i started writing songs when i was just a boy. but my true country songwriter’s journey began in 1972, when my wife and i moved to porterville, california, which is in the san joaquin valley, near bakersfield. i wanted to be close to the, “west coast country” sound and most of that was coming from bakersfield. at the time, that sound was associated mainly with buck owens and merle haggard. i used to drive on two-lane highways with tree orchards on each side, back and forth between the two towns, trying to get either buck or merle interested in my songs or interested in me as a songwriter/recording artist. at the end of the street where we lived was a little stand where you could buy fruits and vegetables that were too ripe to ship.
i had found paradise. a friend of mine, michael karas, also moved to porterville. we had both been docs (medics) together with the marine corps in vietnam and we are still friends today. we’d go fly fishing in the sierra nevada mountains and then come back and eat what michael caught, drink some jack daniels and listen to merle and buck and hank sing their asses off. we knew the pain they were singing about and it definitely touched a nerve.
in 1973, with new songs i’d written including, “love don’t make the bars,” and “a different kind of sad,” i signed an exclusive songwriter’s agreement with blue book music, a publishing company owned by buck owens. jim shaw, who ran the company for buck, brought me in. jim was also the keyboard player for buck’s world-famous band, the buckaroos. that same year, i signed a contract with buck owens productions and capitol records and moved to bakersfield where buck had a studio. during my time there, buck recorded many of my songs. as a recording artist, i got to record with the buckaroos, produced by jim shaw. buck often dropped by the sessions.
jack mcfadden, who managed buck owens, was also my manager, and his booking agency booked my club dates. i played honky-tonks almost every night in bakersfield and across the southwest. several times i played the famous blackboard in bakersfield, where occasionally, a few of merle’s band, the strangers, would sit in. i was adopted by buzz and sandy thomas who played the local clubs in town. they made sure that every patron of every bar in bakersfield that played country music heard me sing. sandy was a talented singer and her husband buzz played bass and found jobs for her and her band. they had several kids and all of them made me feel like a “first generation, genuine, california okie.” my favorite gig back then was when i opened for haggard in ridgecrest, california, at a toys for tots benefit.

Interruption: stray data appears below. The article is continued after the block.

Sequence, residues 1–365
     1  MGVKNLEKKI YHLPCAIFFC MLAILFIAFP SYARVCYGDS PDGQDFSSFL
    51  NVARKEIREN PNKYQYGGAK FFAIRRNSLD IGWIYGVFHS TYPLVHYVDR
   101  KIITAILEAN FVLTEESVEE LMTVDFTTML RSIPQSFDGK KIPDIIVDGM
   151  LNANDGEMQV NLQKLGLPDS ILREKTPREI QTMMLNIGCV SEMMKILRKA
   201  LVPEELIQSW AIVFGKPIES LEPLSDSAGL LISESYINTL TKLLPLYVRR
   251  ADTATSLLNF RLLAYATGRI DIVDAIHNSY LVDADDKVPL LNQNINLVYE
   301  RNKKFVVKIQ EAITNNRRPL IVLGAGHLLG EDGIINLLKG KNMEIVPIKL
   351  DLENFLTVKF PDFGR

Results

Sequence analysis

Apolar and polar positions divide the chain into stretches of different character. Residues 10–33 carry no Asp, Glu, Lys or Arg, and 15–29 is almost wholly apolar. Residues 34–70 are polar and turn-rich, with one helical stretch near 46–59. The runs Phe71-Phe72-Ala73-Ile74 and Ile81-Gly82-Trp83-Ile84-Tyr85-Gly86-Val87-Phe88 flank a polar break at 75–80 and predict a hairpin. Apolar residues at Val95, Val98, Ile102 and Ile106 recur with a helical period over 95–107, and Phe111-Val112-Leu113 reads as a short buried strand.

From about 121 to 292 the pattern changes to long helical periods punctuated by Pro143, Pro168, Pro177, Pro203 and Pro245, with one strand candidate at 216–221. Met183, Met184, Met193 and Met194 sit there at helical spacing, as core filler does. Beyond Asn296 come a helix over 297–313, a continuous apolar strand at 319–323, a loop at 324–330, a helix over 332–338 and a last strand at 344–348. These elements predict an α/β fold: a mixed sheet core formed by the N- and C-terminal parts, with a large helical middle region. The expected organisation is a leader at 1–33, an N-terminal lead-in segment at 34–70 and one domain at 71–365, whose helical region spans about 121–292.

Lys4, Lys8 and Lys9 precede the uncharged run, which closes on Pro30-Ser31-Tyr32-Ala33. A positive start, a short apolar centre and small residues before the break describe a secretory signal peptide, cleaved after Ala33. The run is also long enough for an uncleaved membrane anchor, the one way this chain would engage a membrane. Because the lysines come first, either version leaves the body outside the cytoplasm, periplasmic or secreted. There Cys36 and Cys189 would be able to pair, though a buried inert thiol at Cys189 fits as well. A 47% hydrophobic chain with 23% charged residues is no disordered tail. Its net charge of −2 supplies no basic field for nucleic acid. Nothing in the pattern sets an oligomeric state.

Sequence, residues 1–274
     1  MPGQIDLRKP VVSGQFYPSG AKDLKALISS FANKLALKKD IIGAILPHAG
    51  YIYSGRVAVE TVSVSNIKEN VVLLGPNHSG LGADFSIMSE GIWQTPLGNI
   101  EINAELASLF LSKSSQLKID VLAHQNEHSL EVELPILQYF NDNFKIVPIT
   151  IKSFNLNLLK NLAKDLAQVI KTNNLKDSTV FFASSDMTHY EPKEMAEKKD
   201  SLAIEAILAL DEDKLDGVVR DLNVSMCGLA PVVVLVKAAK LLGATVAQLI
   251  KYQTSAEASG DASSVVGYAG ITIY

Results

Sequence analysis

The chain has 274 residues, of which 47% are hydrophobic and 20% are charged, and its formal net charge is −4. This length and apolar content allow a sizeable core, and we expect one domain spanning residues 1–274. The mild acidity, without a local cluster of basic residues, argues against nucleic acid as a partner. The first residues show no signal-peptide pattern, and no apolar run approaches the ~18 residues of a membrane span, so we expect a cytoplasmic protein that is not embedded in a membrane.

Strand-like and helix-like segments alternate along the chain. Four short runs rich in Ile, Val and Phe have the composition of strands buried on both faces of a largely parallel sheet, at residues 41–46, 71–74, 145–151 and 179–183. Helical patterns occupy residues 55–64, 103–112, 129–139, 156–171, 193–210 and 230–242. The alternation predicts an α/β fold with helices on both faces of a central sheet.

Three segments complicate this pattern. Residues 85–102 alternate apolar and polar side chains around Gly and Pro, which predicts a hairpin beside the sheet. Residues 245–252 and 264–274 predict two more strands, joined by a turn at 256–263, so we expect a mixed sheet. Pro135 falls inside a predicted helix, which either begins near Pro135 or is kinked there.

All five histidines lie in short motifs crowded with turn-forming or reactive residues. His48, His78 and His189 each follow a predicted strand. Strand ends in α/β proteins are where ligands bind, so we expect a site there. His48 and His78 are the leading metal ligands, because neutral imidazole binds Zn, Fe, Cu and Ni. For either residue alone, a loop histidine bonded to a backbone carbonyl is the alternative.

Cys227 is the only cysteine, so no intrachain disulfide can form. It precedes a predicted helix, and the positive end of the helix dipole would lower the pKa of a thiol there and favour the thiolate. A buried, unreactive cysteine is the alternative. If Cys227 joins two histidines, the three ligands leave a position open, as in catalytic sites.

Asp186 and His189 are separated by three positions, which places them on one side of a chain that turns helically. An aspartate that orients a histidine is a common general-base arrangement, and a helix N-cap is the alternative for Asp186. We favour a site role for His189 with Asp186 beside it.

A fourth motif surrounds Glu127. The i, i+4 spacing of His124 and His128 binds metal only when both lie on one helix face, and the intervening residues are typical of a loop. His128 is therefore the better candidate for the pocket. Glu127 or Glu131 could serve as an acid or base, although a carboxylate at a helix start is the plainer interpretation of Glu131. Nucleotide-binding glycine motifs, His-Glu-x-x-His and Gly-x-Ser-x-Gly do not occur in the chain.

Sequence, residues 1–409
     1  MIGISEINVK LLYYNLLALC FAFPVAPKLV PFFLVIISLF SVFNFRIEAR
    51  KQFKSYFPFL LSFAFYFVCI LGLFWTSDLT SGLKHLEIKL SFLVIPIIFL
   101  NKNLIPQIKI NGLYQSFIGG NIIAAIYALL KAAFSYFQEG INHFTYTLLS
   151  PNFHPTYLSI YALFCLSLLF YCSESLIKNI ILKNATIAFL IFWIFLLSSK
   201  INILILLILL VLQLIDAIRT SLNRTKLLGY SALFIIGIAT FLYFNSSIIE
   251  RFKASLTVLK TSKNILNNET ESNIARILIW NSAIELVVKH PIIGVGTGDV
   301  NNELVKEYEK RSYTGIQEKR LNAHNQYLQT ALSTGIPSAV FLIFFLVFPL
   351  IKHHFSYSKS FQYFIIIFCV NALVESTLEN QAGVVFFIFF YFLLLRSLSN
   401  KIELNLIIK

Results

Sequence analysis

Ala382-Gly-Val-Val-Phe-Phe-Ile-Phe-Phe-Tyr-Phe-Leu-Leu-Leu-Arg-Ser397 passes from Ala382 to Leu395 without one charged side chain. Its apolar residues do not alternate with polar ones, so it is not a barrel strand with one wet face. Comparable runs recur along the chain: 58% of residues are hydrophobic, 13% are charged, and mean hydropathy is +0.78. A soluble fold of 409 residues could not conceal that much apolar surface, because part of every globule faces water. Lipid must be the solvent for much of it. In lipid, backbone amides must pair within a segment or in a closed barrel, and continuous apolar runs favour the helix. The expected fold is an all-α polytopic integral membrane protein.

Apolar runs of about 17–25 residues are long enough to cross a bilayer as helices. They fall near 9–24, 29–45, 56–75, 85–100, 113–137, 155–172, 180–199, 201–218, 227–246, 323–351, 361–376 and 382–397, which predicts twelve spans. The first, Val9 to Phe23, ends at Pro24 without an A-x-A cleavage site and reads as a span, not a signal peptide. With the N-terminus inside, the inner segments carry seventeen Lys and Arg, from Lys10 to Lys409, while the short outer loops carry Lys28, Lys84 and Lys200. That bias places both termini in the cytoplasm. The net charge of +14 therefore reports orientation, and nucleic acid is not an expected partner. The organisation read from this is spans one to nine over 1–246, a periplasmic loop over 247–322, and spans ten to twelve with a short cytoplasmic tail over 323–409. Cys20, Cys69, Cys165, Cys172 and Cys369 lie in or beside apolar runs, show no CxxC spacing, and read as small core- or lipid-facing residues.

i also remember playing a show somewhere and sitting backstage with red simpson, who was real famous at the time for his hit single,
“hello, i’m a truck.” i had just written a poignant ballad and asked red if i could play it for him. the structure of the song was: verse, verse, chorus, instrumental, third verse, chorus, repeat chorus and then i tagged the last two lines. when i was finished i looked up and said,
“well red, do you think it could be your next single?” he replied, “son, i think that could be my next album.”
although i recorded more than an album’s worth of material with the buckaroos, due to forces beyond my control i had only one capitol records’ single released, “goin’ back to the hard times.” tragically, in 1974, buck’s incredible, irreplaceable guitar player, don rich, was killed riding his harley. he and buck were like brothers. after that, things began to fall apart at the buck owens’ companies. i received permission to be released from my contract with buck and capitol records and left for nashville in 1976. i decided not to be an artist. i focused on just writing songs.
since my bakersfield days, i have had songs recorded by johnny paycheck, tammy wynette, george jones, joe sun, barbara mandrell,
jean shepard, freddy hart, david frizzell, the whites (produced by ricky skaggs), the kendalls, t.g. sheppard, loretta lynn, jim and jesse,
vern gosdin, alan jackson, troy olsen (with kid rock), mel tillis, reba mcentire and others.
recently, i began writing songs again for myself, for my first album. i co-wrote three of them with a terrific writer and friend from london,
steve nelson (one of which we co-wrote with his brother simon). i took the songs into the studio with nashville guitar player jeff king. jeff has played on many, many hit records and is well known by pretty much anyone on music row. jeff also co-produced the album. but he’s not just a guitar player and producer. as you’ll hear, his talents go way beyond that. featured on the album is the sparkling imagination of tammy rogers on fiddle, mandolin and viola.
special thanks to chris latham at emi studios who made recording there such a pleasure.
before i close, i have to mention that i’ve worked with a lot of harmony singers in my life, some of the best, and russell terrell is truly one of the greatest.